The first wireless LAN is entering beta testing. The product, Ray-LAN, is a wireless local area network for groups of IBM-compatible PCs operating over distances of up to 500 feet. Because nodes communicate by means of tiny antennae instead of through cable, locations are easily added or changed. Stations can even be mobile, allowing direct digital communications. At about $1,500 a node, the cost is approximately 50 percent higher than wired LANs. Deliveries will begin in the first quarter of 1988.
Ray-LAN is a packet-switching network. The data format is proprietary, but similar to X.25. Data is transferred at 19.2K baud. The design conforms to Open Systems Interconnection (OSI) standards, and is claimed to be adaptable to any seven-layer LAN software such as NetBios, Microsoft MSNet, LAN Manager and TCP/IP. The system can be also hooked up with wired networks by adding Ray-LAN equipment to a wired station and adjusting the software.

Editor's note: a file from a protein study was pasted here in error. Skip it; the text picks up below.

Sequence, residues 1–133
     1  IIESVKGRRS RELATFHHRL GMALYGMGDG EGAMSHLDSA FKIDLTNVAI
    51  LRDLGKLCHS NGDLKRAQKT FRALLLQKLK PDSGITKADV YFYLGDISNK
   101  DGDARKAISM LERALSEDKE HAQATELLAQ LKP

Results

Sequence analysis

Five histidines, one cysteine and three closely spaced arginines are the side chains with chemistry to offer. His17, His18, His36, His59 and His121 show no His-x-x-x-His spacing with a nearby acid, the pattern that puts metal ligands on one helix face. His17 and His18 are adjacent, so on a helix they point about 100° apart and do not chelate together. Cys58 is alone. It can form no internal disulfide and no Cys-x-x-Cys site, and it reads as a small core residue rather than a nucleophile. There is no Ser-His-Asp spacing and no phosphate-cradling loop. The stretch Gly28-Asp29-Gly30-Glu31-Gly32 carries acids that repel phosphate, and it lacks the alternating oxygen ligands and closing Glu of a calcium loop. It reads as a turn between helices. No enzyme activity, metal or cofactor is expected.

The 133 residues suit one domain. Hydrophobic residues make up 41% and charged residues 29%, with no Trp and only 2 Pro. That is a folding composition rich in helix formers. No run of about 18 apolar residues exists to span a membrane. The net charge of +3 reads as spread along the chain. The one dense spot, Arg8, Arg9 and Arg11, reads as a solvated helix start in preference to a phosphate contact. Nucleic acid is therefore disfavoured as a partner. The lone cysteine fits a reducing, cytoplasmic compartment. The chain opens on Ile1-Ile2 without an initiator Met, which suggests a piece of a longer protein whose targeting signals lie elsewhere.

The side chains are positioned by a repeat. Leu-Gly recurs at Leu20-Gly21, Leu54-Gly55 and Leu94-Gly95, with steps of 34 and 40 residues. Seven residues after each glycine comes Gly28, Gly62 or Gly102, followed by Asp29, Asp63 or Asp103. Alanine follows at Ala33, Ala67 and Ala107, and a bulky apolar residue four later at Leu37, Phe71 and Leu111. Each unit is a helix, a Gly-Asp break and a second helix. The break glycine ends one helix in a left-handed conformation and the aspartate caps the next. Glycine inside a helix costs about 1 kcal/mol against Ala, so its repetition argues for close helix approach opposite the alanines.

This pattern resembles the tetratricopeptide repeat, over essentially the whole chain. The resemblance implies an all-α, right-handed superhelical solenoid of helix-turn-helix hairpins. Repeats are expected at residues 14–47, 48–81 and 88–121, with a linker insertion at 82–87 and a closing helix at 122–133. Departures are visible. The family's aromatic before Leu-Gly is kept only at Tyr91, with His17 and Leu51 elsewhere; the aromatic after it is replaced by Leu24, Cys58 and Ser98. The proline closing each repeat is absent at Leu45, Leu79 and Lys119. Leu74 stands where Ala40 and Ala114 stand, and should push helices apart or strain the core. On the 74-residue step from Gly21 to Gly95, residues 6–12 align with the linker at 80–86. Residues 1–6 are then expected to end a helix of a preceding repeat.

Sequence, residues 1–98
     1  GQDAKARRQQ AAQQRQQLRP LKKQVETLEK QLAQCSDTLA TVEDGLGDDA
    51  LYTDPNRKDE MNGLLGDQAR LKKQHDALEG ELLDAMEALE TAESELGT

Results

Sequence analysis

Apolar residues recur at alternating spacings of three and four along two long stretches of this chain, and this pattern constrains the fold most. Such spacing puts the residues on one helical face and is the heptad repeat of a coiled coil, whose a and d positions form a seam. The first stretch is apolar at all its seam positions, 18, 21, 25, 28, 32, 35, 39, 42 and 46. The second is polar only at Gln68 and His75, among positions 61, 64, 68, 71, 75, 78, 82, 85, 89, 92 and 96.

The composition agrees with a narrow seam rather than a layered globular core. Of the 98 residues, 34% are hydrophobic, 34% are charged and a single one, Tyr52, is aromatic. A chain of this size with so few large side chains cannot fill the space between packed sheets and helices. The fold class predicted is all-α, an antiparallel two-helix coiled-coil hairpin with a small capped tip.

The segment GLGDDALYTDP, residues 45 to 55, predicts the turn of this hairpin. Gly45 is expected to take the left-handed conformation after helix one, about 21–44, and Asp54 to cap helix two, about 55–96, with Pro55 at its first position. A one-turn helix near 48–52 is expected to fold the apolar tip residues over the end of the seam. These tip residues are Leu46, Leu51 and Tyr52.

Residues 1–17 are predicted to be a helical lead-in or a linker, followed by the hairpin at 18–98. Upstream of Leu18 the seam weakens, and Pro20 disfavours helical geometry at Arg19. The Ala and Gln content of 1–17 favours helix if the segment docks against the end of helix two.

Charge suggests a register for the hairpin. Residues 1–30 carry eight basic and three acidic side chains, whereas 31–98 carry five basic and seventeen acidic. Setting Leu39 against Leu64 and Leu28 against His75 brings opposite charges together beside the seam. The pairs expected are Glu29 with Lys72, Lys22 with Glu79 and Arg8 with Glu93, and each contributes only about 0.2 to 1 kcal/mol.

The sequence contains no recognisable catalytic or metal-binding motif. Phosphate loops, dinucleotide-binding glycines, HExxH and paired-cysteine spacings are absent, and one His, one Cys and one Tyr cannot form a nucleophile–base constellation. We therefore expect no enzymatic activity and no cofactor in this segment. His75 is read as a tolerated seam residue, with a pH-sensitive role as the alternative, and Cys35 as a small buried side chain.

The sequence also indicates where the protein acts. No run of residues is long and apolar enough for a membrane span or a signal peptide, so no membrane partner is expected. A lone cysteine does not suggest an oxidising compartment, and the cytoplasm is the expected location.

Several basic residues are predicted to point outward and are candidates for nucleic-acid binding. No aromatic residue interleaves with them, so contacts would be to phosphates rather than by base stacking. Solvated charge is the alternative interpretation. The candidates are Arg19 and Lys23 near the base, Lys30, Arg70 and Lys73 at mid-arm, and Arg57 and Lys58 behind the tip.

Each station is equipped with a PC adapter board, a low-powered 72-MHz FM transceiver, and Ray-LAN software shell compatible with Novell's Advanced NetWare. The transceiver can be 20 to 25 feet from the PC. The Ray-LAN system operates under FCC Rule 90.75, which requires a simple network site registration.
Ray-LAN is designed for IBM PC, XT and AT systems and fully compatible clones, and operates under DCX 2.X or 3.X. A P5/2 adapter board will be available by spring.
[Contact: Ray-NET Communication Systems, Inc., 2468 Haywood Avenue, West Vancouver, BC. V7V lYl; (604) 926-7277.]